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For many organizations, finding the right balance between complexity and comprehension on data visualization initiatives can be a tall order. During a roundtable discussion at the 2015 Pacific Northwest BI Summit in Grants Pass, Ore., Claudia Imhoff, president of consultancy Intelligent Solutions Inc., said she sees a lot of data visualizations that present "incredibly artistic views of information" but are unintelligible to corporate executives and other business users. "At some point, it's overkill," Imhoff said. "Yeah, they're pretty, but what does it mean?"
Successfully managing the data visualization process is especially challenging in big data analytics applications. In a survey conducted earlier this year by research and education outfit TDWI, only single-digit percentages of 374 respondents described their organizations as very successful at doing visual analysis of various forms of big data, including Hadoop files, sensor data, information stored in NoSQL databases and social media data. And in each of those cases, the combined percentage that said their companies were very or somewhat successful at analyzing and visualizing big data was less than 30%.
Chart design overload isn't the only issue holding companies back in using big data visualization tools and techniques effectively. On another question in the TDWI survey, 338 respondents cited a variety of barriers standing in the way of their efforts to access, analyze and visualize Hadoop and NoSQL data, including a lack of both skills and business interest (see chart).
But it isn't just big data: The responses to a third question showed only "moderate success in using data visualization functionality" to improve the overall analytics process in organizations, TDWI analyst David Stodder wrote in a report published in July. For some business intelligence and analytics managers, the quest to do better than that on data visualization projects involves a heavy dose of input from the business users who are the intended audience for charts, graphics and dashboards.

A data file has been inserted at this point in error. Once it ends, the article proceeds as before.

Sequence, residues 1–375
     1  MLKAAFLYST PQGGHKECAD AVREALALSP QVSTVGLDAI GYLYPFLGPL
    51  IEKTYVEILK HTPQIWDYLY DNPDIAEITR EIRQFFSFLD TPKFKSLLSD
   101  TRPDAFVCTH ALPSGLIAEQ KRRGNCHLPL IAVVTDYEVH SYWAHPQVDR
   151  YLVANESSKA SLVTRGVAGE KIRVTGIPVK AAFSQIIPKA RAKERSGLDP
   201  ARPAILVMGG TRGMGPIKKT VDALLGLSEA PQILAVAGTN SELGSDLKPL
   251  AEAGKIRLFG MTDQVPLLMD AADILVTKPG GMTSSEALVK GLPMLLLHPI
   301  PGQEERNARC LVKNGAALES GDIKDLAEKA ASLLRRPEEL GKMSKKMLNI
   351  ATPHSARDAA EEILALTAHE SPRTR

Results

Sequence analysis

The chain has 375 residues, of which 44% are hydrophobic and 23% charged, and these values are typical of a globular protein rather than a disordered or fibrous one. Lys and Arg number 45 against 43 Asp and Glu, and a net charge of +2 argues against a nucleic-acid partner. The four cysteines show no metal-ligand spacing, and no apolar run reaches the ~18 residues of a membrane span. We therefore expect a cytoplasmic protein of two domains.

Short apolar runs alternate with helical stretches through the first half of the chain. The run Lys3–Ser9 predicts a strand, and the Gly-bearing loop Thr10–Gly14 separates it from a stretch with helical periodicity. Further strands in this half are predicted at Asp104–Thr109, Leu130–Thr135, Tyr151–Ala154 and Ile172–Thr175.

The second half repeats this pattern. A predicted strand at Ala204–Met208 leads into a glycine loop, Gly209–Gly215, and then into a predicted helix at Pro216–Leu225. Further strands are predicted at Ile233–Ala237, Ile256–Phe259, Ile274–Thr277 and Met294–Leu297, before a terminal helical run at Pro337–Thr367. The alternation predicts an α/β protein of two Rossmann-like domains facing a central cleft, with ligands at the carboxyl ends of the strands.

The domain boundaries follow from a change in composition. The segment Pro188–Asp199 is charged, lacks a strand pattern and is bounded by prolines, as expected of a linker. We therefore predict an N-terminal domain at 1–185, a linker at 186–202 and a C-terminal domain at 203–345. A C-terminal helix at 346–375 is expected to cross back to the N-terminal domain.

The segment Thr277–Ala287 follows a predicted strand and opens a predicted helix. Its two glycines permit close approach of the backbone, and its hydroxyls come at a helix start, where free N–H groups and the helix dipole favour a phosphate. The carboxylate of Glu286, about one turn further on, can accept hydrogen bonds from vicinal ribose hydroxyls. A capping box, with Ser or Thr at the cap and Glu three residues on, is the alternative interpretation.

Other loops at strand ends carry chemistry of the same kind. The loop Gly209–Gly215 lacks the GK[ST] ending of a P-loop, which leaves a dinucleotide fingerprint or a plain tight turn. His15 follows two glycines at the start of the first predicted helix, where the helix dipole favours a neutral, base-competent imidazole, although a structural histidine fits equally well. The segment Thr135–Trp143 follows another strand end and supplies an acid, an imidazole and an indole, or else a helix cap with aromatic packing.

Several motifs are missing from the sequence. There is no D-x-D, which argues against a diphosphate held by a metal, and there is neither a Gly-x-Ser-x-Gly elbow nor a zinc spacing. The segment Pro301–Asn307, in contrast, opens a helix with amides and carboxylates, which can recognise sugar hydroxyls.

Keeping visualization users in mind
For example, to help guide his team's development of reports and BI dashboards with embedded data visualizations, Chris Gray, IT director at Swiss Farm Stores, a chain of 13 drive-thru grocery stores in the Philadelphia area, works closely with business managers to assess and update their information needs.
At the outset of each new project, Gray sits down with the heads of departments who will use what he's planning to build. And then he continues to follow up after the initial development work has been completed, reconvening with the department heads every three to six months. At those meetings, he gauges how end users have taken to different elements of a report or dashboard and checks on opportunities for additions or modifications that could make it more informative or easier to use.
Chris GrayIT director, Swiss Farm Stores
The reports and dashboards provide views of sales and purchasing data pulled from the ERP system at Swiss Farms, as the company – based in Broomall, Pa. -- refers to itself; the former are primarily used by its executive team, while the latter offer more on-the-fly information for store managers. Involving the eventual users in development planning for the data visualization process helps ensure that what gets delivered is relevant to the business and actually gets used, Gray said.